By Donella Meadows
–August 6, 1998–
Reporters and photographers camp outside Monica Lewinsky’s apartment, umbrellas shading them from the summer sun, waiting to bring us — what? A glimpse of her being escorted to the grand jury? A first-hand description of her expression as rude questions are shouted out to her, none of which she answers? Is this stuff worth the attention of the nation?
Meanwhile science journals report that each of the first five months of 1998 was the warmest in recorded history. Now that’s news. But it didn’t make the news.
The Texas heat wave made the news, but without context. How is it related to those five months of record-breaking temperature, to fossil-fuel burning, to global warming? Answering those questions would involve some scientific speculation, but nothing so wild as the daily speculations about what Monica Lewinsky said to the grand jury.
We do hear hourly about the Dow Jones average. When was it decided, and by whom, that we need to know the Dow every hour? That information used to be of interest only to stock owners and brokers. Most Americans own no stock. Those who do learn little about their portfolios from the ups and downs of the Dow. Those ups and downs are increasingly engendered by herds of casino players; they are only loosely related to the actual economy. Who needs to know about the enthusiasms and panics of casino players?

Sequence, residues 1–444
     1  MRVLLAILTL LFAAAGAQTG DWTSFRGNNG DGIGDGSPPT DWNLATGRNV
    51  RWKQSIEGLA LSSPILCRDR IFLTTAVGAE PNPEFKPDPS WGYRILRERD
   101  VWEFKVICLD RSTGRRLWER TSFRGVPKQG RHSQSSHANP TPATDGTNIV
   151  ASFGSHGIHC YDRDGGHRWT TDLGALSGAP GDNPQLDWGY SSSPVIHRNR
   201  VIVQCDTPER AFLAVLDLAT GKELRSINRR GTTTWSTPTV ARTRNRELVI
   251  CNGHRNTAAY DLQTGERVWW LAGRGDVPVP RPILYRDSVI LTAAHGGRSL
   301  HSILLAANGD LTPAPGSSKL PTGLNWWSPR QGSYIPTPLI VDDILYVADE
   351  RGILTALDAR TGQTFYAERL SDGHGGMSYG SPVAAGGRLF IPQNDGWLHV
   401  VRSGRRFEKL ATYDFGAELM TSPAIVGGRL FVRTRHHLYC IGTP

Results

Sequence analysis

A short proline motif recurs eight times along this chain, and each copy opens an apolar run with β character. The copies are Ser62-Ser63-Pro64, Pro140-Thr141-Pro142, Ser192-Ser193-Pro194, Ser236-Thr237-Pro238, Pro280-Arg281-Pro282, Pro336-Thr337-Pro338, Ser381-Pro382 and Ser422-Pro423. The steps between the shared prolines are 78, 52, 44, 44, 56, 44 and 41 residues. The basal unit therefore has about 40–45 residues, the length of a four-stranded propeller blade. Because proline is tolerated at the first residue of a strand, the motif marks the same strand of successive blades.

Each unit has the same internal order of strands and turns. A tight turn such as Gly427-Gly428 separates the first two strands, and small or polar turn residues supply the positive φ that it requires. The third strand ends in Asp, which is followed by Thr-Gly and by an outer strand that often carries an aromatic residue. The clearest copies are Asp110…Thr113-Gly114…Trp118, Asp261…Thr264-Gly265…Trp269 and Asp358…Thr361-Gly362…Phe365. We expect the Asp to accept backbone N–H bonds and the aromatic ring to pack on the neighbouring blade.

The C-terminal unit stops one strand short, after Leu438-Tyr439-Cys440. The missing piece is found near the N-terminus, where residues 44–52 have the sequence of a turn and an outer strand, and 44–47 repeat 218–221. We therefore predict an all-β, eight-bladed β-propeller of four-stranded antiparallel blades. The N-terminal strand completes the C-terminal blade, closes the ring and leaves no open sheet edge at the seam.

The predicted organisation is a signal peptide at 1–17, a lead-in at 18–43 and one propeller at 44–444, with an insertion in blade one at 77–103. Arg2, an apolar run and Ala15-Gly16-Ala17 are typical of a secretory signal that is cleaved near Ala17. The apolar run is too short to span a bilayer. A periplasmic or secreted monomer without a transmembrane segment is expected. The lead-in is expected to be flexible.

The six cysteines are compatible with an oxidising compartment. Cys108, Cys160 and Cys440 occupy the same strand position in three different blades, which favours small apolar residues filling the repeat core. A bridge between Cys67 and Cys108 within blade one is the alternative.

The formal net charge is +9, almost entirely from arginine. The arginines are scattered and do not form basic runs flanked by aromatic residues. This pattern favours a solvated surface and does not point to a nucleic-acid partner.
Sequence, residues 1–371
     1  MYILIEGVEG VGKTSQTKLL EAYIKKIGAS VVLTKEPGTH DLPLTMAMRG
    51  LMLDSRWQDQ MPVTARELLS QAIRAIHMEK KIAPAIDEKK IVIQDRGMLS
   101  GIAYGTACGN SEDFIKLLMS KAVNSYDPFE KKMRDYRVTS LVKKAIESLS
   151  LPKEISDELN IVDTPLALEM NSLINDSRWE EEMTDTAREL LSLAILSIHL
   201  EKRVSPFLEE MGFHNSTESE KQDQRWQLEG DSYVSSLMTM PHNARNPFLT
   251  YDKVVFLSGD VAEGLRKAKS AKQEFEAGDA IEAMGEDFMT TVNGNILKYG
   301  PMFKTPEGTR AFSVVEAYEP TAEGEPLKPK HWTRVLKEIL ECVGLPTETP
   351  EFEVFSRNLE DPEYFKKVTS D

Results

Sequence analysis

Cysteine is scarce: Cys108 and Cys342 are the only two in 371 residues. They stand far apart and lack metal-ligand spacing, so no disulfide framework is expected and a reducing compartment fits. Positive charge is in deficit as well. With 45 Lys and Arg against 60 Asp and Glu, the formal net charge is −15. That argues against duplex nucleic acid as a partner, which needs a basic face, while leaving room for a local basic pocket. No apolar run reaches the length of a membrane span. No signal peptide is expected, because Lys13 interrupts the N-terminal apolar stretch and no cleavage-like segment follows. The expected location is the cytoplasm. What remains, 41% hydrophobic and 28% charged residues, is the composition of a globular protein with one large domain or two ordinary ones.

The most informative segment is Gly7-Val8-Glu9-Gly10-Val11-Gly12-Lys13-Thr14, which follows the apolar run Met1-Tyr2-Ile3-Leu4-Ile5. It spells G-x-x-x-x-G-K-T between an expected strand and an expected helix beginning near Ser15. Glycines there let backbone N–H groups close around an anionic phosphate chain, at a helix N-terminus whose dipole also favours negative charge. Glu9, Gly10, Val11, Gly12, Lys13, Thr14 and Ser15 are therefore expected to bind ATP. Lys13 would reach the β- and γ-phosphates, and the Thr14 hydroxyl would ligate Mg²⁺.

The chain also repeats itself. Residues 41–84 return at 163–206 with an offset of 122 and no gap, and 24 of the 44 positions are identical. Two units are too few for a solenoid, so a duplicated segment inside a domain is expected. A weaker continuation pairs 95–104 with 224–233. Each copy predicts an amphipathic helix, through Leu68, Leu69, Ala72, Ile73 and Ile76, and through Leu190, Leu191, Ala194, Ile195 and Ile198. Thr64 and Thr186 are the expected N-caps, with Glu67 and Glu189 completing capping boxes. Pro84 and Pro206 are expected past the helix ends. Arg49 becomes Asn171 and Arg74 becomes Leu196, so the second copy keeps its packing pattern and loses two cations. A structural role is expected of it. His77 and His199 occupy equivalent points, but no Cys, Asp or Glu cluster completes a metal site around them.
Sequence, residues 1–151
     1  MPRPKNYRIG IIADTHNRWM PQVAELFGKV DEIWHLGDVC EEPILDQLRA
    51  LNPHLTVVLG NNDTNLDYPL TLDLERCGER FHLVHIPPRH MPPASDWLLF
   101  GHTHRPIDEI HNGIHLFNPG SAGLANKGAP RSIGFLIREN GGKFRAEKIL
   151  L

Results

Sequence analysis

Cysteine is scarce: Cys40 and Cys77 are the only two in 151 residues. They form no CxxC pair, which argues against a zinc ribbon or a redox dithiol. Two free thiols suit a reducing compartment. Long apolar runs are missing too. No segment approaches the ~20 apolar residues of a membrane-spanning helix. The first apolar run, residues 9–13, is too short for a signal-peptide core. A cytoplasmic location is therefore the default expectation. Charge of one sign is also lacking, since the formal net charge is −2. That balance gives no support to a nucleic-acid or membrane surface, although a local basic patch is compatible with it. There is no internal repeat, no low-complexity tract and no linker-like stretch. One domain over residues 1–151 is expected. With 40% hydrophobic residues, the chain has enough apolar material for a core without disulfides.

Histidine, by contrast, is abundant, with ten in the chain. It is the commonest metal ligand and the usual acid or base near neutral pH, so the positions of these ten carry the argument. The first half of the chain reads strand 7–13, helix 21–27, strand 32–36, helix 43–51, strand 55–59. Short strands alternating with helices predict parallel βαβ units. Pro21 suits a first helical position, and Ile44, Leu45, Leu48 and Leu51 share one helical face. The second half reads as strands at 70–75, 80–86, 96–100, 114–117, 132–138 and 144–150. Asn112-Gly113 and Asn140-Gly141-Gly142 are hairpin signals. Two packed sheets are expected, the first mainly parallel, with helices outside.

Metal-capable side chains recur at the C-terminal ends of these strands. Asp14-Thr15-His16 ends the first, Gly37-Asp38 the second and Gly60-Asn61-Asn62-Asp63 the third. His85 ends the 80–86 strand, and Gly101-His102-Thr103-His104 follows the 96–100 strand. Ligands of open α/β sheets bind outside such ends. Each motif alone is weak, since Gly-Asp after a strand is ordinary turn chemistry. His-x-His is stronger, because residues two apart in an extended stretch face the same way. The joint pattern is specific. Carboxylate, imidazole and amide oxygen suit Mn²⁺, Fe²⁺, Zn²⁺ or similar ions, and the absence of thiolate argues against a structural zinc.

What we do need to know about is the steady stream of self-dealing, destructive riders attached to legislation by our congresspersons. It would take no more than a tenth of the Monica Lewinsky press pack to keep track of them, pick out the most odorous, stake out, say, Rep. Don Young of Alaska and shout, “Hey, how does it serve the national interest to give away trees from the Tongass National Forest? How big was your bribe from the logging companies?”
With real crimes against the nation going on daily, why are we hearing about White House interns?
Maybe another tenth of the Lewinsky reporters could investigate the details of the electricity deregulation deals being cut state by state. They will allow power companies to buy each other up and become as huge and unconcerned as the companies that bought up our local banks. They also tend to require you and me to pay off the bad investments of power companies, especially nuclear power plants. This we need to know about.
We need to know why it is no longer a national policy to break up phone company monopolies, to separate the banking business from the insurance and investment business, to prevent single owners from dominating the media. We need to relate all these shifts to campaign contributions from the owners of phone companies, banks, insurance companies and media.